It is nice to see some college classes making use of current technologies that are all the rage in the private sector and amongst early-adopters. It is another thing for a professor to formally integrate this by having students sign up for their own accounts.
Such is the story in the recent article in The Chronicle of Higher Education, where a professor uses Twitter to interact with his students. Thankfully I saw this article in my newsreader on the Twitter blog. While I applaud the effort, it will be wonderful when non-technology or media faculty begin integrating these technologies into their syllabi for their educational value alone, even beyond the technical “wow” factors. This is a wonderful start, and reminds me of when I taught high school years ago and began using email with students to review for exams and work on assignments back in 1997. How times have changed.
I wish I would have tried this with my class that just ended. It would have been great to discuss current news stories, share ideas about upcoming assignments, and even debrief what was learned. This debriefing is where I believe much learning is done, yet it is the connection between what happens in the classroom and how that gets realized in life that formally gets overlooked in the race to “do the assignments.”
I would be happy to speak with any of my former students via Twitter.
As an advocate of evidence-based practice (EBP) in human resource development (HRD), adult education, and instructional design, I saw this Dilbert cartoon and laughed. This demonstrates some of the issues in and around EBP in the modern world.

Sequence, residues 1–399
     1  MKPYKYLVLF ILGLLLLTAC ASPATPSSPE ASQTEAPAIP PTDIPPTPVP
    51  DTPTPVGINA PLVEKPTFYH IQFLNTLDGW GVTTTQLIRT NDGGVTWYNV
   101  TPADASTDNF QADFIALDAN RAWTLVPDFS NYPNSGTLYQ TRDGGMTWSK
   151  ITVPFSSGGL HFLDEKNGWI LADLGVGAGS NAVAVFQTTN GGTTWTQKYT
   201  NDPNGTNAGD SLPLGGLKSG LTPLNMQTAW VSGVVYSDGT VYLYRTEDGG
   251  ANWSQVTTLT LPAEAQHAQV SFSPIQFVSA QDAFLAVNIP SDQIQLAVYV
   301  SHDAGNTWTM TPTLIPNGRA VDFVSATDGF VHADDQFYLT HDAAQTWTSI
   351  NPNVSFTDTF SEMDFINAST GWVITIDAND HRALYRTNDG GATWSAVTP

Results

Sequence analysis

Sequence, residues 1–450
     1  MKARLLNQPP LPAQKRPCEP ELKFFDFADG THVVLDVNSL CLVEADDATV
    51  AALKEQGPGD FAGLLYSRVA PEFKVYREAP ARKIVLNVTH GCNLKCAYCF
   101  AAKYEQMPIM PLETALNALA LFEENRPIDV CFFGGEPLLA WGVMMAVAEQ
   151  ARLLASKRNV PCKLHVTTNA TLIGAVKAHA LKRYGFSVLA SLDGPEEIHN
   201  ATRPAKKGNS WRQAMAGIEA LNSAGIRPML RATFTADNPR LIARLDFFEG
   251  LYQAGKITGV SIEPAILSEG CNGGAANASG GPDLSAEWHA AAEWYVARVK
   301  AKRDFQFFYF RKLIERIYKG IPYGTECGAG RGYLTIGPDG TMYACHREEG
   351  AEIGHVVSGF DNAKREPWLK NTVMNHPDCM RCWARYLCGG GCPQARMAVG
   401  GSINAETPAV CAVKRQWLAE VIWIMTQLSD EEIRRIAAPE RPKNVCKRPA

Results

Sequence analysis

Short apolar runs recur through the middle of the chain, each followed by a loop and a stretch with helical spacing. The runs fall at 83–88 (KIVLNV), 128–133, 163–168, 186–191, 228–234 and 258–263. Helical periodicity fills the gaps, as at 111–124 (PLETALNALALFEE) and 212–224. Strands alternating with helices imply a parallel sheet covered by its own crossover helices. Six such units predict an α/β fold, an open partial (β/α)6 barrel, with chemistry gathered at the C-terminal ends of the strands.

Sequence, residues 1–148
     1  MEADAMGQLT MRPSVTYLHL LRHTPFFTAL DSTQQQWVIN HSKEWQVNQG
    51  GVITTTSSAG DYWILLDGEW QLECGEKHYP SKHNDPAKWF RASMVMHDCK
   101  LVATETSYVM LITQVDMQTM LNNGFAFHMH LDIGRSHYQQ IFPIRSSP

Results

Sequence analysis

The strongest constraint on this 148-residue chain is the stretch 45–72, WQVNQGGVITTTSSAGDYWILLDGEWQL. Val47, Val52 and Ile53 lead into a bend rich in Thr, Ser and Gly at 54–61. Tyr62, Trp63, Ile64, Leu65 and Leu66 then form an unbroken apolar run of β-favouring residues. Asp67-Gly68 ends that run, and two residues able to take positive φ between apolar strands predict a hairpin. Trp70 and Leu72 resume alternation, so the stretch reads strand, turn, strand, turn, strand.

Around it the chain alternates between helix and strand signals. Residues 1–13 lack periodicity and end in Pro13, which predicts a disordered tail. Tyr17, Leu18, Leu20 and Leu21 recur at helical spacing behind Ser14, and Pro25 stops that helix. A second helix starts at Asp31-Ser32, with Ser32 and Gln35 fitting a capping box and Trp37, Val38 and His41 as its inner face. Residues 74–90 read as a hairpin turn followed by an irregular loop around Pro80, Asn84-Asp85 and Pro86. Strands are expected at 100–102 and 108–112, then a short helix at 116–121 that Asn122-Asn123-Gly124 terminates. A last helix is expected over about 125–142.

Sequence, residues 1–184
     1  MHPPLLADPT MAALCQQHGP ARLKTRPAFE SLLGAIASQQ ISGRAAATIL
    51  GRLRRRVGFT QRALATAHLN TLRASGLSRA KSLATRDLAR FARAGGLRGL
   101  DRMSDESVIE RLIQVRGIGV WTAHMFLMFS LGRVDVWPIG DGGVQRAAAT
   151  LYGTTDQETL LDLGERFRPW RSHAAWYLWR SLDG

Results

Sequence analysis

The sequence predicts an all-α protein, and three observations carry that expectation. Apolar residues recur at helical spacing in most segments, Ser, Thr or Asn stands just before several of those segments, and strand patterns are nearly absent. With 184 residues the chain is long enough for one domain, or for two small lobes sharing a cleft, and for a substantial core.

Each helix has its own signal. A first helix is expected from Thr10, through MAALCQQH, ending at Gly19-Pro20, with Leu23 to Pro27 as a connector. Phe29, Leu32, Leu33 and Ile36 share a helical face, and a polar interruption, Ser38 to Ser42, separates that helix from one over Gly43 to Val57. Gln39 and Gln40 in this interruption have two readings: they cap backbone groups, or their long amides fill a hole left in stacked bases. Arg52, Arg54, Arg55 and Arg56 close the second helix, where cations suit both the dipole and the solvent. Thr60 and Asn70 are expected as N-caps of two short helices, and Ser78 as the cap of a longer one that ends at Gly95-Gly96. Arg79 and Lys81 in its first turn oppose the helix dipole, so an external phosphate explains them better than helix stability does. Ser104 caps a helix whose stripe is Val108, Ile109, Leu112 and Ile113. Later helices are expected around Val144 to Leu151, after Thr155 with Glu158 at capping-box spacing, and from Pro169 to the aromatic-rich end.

Have you ever experienced something like this?
Yesterday I spoke at the Volunteerism and Technology: New Ways to Expand Capacity and Build Community conference that was organized by the United Hospital Fund in New York City. I presented on Webinars within non-profits. I uploaded the slides into SlideShare.
Working in instructional design and project management of organizational learning initiatives, this fits well with my previous position in knowledge management and technology training.
I am currently participating in a discussion entitled Active Learning Strategies for Online Learning at SCoPE, and one of the participants posted this image that struck me as very applicable to a host of learning issues. I used to believe that information could be dumped in, but have since learned that socio-cultural and historical factors make this impossible. No two people could ever learn the same thing in the same way–context is against it.
I think about how this exemplifies Paulo Freire and his criticism of traditional pedagogy as “banking” education. In this form, education is banked and thus controlled by those in power to choose a curriculum. All knowledge is conveyed through this lens, with what is considered right and wrong, good and bad, and just and unjust seen in this manner as being what should (morality?) be done. Power is thus maintained by promoting a worldview that protects the establishment, even while on the surface claiming to challenge it. There is no more certain way to challenge a social system than by challenging both the content as well as the methodology of its educational establishment.
It is no wonder why many in society complain about our current state of education, yet it seems nearly impossible to fundamentally change the system itself. That would disrupt many whose careers are built around promoting the very thing that they claim is wrong. I wonder, in a psychoanalytic way, if this is a veiled form of self-hatred?
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